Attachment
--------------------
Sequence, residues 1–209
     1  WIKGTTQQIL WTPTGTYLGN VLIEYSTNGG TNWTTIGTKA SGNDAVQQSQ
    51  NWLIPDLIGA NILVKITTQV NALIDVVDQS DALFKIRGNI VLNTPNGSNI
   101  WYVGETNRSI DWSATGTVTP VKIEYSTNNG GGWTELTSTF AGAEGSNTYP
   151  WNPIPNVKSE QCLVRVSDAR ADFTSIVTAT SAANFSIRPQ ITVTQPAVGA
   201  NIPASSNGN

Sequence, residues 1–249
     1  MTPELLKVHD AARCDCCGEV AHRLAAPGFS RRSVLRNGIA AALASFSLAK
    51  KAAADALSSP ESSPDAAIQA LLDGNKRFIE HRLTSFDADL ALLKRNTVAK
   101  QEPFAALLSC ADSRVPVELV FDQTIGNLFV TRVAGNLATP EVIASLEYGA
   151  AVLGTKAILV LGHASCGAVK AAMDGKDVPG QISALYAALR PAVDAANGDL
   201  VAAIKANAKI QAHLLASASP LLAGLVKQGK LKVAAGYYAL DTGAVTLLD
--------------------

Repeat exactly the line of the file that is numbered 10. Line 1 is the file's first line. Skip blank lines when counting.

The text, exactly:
   101  QEPFAALLSC ADSRVPVELV FDQTIGNLFV TRVAGNLATP EVIASLEYGA